Still, Bill Thomas and co built a handful of Cheetahs, and they were raced pretty extensively in the States even after the FIA rule change barred them from racing against their true peer group. To add literal fire to the flames, a the factory burned down in September of 1965, thus sealing the fate of the original Bill Thomas Cheetah project. The existing Cheetahs continued to be developed here and there by the teams that raced them, but by the late 1960s they weren’t nearly as competitive, and they eventually faded from view. Though it had some unresolved growing pains to work through, the Cheetah showed great promise as a powerful, lightweight race car that could take on Carrol’s Cobras, but sadly those comparisons will have to be left to guesswork.
The Cheetah you see here lives in the UK, and is owned by historic racing enthusiast Ian Burford. It’s the only racing Cheetah in Europe, and one of only two in the world to hold FIA paperwork. The car was restored in the UK by historic race car restoration and preparation specialists CCK Historic using a combination of old and new components. The chassis is from the 1960s, and was reportedly built as a spare for a special roadster variant of the Cheetah known as the “Cro-Sal Special” (not a SoCal typo, but rather a reference to the specific car’s mechanic Gene Crowe and its owner Ralph Salyer). The fiberglass bodywork is all new, and the 327 V8 is an original unit from a 1965 Corvette.
“I fell in love with the car after a friend showed me a picture of what he bought from a Bill Thomas Cheetah specialist in the US,” Burford tells me. “It was swiftly followed by a picture of a Cheetah racing in period. The chassis and body had been mocked up to look complete, and it was only a matter of time, less than 12 hours I think, before I started negotiating with him to buy it!”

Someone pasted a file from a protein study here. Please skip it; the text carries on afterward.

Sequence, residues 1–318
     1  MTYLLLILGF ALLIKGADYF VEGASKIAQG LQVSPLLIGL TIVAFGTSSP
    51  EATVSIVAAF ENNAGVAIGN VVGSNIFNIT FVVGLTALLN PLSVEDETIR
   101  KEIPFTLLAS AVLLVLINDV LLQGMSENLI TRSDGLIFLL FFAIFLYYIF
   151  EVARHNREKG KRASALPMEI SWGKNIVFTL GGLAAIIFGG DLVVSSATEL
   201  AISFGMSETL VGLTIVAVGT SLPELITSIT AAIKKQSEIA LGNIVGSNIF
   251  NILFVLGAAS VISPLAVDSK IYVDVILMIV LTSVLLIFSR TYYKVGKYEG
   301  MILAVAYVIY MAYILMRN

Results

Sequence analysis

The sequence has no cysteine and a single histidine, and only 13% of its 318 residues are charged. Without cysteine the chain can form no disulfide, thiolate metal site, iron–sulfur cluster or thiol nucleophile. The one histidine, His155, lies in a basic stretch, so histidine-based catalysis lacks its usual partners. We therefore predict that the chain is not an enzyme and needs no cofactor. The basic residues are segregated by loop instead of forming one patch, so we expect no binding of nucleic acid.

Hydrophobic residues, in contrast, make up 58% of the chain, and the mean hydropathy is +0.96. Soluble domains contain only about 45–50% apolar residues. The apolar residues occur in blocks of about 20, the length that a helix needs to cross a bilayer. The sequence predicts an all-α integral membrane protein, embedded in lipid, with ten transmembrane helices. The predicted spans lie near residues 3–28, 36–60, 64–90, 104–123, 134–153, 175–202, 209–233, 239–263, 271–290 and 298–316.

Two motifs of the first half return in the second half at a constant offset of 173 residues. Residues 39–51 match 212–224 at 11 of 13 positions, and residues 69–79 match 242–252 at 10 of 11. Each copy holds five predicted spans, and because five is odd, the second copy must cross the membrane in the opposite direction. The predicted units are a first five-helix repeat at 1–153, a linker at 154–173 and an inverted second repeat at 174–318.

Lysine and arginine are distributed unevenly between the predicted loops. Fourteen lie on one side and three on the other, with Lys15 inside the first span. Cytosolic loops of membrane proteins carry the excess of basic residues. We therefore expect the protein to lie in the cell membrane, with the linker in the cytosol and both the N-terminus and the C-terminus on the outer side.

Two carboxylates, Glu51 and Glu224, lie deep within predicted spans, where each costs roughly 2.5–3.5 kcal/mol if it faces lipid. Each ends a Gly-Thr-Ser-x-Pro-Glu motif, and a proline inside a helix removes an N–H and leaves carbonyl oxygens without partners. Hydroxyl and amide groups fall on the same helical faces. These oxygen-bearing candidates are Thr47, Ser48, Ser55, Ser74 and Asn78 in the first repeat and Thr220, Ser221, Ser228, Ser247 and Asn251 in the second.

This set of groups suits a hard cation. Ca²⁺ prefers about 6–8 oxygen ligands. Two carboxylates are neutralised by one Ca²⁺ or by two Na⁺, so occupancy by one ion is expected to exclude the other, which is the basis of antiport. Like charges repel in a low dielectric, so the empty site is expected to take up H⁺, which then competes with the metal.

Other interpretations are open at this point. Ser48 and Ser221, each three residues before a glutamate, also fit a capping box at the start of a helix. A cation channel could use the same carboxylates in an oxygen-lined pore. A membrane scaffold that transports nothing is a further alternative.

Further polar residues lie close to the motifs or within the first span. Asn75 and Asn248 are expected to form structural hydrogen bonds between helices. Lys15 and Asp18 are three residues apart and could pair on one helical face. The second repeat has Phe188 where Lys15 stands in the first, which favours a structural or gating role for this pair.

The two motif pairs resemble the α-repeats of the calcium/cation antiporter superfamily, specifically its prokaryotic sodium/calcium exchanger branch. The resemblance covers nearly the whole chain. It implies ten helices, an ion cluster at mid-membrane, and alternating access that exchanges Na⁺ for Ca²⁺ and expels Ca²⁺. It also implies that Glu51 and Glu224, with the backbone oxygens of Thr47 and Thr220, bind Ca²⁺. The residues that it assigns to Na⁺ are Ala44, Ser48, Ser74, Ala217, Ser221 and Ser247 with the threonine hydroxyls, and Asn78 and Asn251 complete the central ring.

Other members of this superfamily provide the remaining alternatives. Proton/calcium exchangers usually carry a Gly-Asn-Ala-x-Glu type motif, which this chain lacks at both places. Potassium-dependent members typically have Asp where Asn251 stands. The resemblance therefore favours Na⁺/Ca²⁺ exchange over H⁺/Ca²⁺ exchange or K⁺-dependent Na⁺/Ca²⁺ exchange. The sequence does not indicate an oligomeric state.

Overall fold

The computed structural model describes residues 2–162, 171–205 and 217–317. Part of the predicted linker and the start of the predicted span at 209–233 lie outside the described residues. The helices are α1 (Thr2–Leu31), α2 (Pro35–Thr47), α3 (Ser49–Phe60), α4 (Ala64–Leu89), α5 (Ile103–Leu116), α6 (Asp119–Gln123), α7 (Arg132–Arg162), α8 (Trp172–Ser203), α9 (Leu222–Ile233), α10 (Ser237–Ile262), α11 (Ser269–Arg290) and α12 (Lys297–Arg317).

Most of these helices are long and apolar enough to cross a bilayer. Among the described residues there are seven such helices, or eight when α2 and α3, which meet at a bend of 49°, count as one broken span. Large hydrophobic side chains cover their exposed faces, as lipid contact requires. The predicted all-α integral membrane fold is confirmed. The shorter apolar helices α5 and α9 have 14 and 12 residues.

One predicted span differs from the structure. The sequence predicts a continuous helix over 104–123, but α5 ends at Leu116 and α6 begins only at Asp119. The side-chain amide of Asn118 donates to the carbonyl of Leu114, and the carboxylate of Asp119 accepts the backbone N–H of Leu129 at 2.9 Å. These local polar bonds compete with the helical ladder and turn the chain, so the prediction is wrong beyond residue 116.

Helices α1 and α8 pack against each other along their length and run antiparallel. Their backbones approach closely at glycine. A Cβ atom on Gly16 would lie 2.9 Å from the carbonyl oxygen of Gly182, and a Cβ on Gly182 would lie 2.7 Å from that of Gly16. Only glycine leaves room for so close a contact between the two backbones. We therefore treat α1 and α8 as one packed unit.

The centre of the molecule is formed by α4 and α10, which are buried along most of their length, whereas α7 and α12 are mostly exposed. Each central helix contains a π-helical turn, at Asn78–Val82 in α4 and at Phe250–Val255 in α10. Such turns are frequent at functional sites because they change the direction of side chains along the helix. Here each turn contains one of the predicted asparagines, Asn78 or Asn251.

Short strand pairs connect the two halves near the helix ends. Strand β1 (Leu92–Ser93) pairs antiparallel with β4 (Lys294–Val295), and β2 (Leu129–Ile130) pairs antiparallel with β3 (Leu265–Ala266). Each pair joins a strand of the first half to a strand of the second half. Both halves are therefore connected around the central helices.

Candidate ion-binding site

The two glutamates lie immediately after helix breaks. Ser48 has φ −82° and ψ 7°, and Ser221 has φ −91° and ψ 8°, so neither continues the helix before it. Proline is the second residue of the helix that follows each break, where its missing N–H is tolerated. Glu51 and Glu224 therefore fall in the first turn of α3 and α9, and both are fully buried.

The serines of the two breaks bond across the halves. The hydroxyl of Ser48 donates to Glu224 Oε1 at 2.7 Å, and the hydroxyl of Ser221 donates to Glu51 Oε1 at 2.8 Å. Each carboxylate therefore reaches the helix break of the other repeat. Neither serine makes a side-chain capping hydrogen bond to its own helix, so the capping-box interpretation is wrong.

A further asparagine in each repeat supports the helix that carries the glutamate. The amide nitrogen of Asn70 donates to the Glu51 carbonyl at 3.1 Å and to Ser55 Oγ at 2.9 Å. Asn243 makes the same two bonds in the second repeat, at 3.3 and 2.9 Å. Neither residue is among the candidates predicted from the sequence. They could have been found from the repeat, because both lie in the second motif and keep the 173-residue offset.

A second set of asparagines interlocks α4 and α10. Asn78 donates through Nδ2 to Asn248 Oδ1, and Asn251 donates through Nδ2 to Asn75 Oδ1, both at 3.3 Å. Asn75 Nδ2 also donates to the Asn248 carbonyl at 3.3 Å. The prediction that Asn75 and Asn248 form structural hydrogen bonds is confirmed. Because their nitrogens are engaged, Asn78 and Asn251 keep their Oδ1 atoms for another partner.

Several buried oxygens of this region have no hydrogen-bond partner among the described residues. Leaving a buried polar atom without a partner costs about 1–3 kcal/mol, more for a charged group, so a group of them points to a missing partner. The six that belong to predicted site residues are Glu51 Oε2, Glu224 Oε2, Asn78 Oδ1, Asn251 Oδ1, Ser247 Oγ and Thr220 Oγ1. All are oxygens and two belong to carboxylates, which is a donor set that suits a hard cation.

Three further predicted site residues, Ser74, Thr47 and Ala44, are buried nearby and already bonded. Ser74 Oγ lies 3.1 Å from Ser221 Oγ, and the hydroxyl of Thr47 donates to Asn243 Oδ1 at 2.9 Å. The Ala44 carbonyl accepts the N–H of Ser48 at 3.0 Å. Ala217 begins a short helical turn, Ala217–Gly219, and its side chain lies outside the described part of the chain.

The engine was built and prepared according to period FIA specifications, also by CCK Historic. This means it retains its original cast iron block and heads and uses an old school flat tappet camshaft and pressed steel rocker arms—no modern upgrades allowed. The cylinder heads are fully flowed, and the compression ratio is close to 13:1 thanks in part to forged dome-top pistons from JE.
On the dyno, with open pipes, it’s enough to produce an honest 400bhp. Coupled with the lightweight package, it’s not hard to get this car near the front on any historic grid before the first corner. Power is transferred through a triple-plate clutch, Muncie four-speed transmission, and a modified Corvette independent rear end. The front-mid-engine layout does away with any sort of prop shaft and leaves very little room for the driver. In fact the exhaust headers are all but directly above your legs, and they will cook you slowly while you race. Driving a car like this is no walk in the park, and like the Corvette of 1963 that it shared a parts bin with, this Cheetah also has four-wheel drum brakes to make it all the more challenging to manage around a circuit.